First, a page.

Tuesday, May 20, 2008

RP water polo squad set for big splash

By Tina Arceo-Dumlao
Philippine Daily Inquirer
Posted date: May 17, 2008

MACTAN, CEBU -- THEY POSSESS a buffed, well-defined build that even competitive swimmers gaze at with envy.
With their above-average height, broad shoulders, slim waist, trim hips, washboard abdomen and strong legs, they finished the 1st Olango Challenge: Swim for a Cause event held here last May 10 looking more like underwear models than athletes.

But the members of the Philippine water polo team are bona fide, elite athletes with legitimate achievements tucked under their elastic waistbands.

The national squad finished with a bronze medal during the 2003 Southeast Asian Games and silver medals during the next two meets in Manila in 2005 and Thailand last year.

Coach Ed San Pedro told the Inquirer that the team is confident it would eventually get its hands on the elusive gold as the current roster is one of the strongest ever assembled.

The 13-man team came from all over the Philippines and from different backgrounds, said San Pedro.

The oldest is 32-year-old Fraser Alamara from the Air Force and the youngest is 18-year-old Juancho Abejo of the University of the Philippines.

But they are all strong swimmers—some, like San Pedro, are former medalists in individual events—with the endurance and the strength required to hold their own against their opponents, who will kick, grab and pound them during the often brutal competitions.

Similar to football, the objective of water polo is to get the ball—a little bigger than a volleyball and with traction—past the opposing goalie and into the net. The playing field measures 25 x 30 meters.

There are seven players to a side, one goalie and six players—wingmen who set up the play, center forward and center back who are the main defenders and the drivers who are like strikers in football.

A game is divided into four quarters lasting eight minutes each. There is a two-minute break in between quarters and a five-minute rest at halftime.

It sounds like a short game, but it feels like an eternity to the players who jostle and fight for ball possession while treading water in the pool about seven meters deep.

“Any longer than eight minutes a quarter and we’ll die,” San Pedro said in jest.

The training routine is equally unforgiving.

San Pedro said that the water polo players start practice as early as 5 in the morning at the Rizal Memorial Coliseum. They start off with stretching and running before they dive into the swimming pool and do laps for about an hour and a half.

Then they move on to ball handling skills—like throwing and juggling—and running through plays, which will take them another hour and a half. They cap off their routine with practice games until they knock off at 9 a.m.

The team—composed of 16 main players with eight in the training pool—is deep into practice sessions these days as they are preparing for a competition in Hong Kong and a friendly competition with the team from Romania later this year.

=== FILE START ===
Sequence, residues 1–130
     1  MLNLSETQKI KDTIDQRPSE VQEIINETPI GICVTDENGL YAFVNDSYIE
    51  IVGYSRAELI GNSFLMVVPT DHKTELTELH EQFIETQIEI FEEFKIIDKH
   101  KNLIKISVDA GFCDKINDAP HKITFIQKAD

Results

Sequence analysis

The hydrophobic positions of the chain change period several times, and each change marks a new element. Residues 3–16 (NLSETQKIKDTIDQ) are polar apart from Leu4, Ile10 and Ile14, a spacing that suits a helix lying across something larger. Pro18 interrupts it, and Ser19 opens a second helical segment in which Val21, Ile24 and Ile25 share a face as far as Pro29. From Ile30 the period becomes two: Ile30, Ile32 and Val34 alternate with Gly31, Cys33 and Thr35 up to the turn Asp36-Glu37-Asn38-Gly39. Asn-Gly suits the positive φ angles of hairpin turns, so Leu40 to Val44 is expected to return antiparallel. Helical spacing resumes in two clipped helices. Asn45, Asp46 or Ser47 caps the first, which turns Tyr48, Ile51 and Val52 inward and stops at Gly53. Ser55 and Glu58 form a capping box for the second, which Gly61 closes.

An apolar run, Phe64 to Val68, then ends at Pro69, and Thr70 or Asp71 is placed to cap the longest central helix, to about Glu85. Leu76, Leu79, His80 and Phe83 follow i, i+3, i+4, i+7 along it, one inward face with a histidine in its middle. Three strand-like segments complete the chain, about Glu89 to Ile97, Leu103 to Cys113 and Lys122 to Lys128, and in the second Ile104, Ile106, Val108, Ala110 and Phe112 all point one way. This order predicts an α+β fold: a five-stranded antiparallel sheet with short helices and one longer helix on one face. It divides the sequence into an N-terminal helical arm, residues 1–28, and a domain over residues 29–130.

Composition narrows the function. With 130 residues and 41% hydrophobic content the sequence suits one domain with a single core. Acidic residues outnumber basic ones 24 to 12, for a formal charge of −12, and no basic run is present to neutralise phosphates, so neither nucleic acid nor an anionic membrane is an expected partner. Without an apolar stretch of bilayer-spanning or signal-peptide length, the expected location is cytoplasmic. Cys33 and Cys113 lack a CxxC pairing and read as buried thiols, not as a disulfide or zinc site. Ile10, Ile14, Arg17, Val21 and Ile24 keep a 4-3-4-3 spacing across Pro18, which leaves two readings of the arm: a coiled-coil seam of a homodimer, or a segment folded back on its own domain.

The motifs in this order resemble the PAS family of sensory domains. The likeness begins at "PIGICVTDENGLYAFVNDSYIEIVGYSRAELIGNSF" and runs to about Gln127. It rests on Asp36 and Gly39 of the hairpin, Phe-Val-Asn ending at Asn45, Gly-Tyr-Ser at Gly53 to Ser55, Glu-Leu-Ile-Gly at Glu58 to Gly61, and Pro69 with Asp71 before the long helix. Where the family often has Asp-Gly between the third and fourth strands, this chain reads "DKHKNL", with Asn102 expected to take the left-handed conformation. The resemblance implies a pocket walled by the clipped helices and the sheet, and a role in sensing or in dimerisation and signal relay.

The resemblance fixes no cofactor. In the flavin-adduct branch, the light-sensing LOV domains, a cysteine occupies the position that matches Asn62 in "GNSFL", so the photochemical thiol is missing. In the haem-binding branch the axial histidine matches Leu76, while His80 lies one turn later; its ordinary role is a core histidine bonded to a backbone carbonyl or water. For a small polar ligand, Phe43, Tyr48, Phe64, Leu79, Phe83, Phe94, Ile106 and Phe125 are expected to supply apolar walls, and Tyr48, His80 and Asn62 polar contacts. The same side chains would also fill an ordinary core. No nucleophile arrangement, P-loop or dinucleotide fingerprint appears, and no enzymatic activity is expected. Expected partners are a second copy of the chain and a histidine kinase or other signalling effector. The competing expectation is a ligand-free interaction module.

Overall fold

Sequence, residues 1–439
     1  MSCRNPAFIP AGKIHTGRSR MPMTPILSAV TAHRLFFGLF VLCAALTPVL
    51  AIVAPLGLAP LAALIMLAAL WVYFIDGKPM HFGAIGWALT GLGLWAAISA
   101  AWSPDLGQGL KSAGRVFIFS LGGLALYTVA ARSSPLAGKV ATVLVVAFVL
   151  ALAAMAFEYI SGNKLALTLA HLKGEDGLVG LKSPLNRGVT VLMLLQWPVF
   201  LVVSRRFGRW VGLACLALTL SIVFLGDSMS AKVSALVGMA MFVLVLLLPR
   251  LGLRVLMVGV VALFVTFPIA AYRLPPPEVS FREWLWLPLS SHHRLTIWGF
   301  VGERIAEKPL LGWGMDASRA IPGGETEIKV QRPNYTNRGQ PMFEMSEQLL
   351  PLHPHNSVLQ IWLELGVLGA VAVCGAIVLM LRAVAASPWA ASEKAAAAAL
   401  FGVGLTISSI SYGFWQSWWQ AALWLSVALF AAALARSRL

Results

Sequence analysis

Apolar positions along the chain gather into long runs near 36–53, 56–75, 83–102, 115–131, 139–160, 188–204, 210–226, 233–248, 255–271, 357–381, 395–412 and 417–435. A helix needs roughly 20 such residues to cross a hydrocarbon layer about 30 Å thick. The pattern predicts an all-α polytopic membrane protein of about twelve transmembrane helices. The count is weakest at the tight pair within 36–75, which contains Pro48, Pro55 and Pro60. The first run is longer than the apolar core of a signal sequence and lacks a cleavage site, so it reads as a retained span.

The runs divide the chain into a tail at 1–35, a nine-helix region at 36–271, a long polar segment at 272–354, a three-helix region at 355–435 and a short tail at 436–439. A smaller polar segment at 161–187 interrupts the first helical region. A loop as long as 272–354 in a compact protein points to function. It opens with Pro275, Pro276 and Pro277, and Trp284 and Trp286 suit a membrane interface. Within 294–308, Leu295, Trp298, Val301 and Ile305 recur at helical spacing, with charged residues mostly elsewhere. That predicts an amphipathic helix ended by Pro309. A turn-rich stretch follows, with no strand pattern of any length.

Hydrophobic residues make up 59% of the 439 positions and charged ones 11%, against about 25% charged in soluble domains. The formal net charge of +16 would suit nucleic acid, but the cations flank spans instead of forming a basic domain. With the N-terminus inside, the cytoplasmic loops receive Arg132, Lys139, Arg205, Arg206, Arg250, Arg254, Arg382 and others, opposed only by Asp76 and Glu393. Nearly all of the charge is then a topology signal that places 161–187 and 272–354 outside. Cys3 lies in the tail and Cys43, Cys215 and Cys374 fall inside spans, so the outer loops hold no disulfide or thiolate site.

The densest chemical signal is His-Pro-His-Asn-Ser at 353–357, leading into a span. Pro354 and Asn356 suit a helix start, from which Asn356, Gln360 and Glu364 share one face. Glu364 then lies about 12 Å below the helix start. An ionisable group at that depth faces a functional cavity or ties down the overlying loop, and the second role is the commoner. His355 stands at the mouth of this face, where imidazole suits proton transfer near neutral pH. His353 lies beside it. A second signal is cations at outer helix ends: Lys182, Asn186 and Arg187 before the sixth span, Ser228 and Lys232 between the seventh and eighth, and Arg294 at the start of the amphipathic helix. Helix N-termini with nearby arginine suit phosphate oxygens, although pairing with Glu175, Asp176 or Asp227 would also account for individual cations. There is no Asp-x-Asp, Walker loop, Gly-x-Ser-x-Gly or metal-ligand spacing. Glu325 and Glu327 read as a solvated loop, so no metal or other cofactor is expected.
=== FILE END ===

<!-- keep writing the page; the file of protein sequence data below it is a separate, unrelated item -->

San Pedro said participating in the Olango Challenge—a five-kilometer open water swim across the Gilutongan Channel from Olango Island to Mactan Island—is part of the training.

It’s a big bonus that the team also helped raise funds to continue the sustainable efforts of the Philippine Business for Social Progress in Olango.

Olango is an island on the eastern side of Cebu province that is a vital component of the East Asian Migratory Flyway route of migratory birds, such as the Chinese egret, Asian dowticher and Eurasian curley.

For two months every year, tens of thousands of these birds make a pit stop in the Olango Island Wildlife Sanctuary and funds from the swim would be used to enhance the sanctuary and provide the residents with additional income.

“We are happy to take part in the program to test our endurance,” San Pedro said, “We are also glad to help in the program to raise funds for Olango.”

He is even more happy because one of the members of his team—23-year-old Raphael Evan Grabador—came in fourth with a time of one hour, nine minutes and 30 seconds, qualifying him and the three top placers to represent the Philippines in the marathon swimming event at the 1st Asian Beach Games in Bali, Indonesia on Oct. 18-26 this year.

San Pedro said the Philippines has actually been competing in international water polo competitions for more than two decades, but hardly anyone outside Metro Manila even know that the sport exists.

Popularity somehow picked up in 2005 when the water polo team bagged the first medal for the Philippines during the SEA Games, but San Pedro said that the team still has a long way to go in terms of recall.

“My vision is for the sport to be known outside the national capital region, for more universities to have a school team because it is really an enjoyable sport. It is challenging, both physically and mentally,” San Pedro said.

Not to mention that it sculpts bodies, too.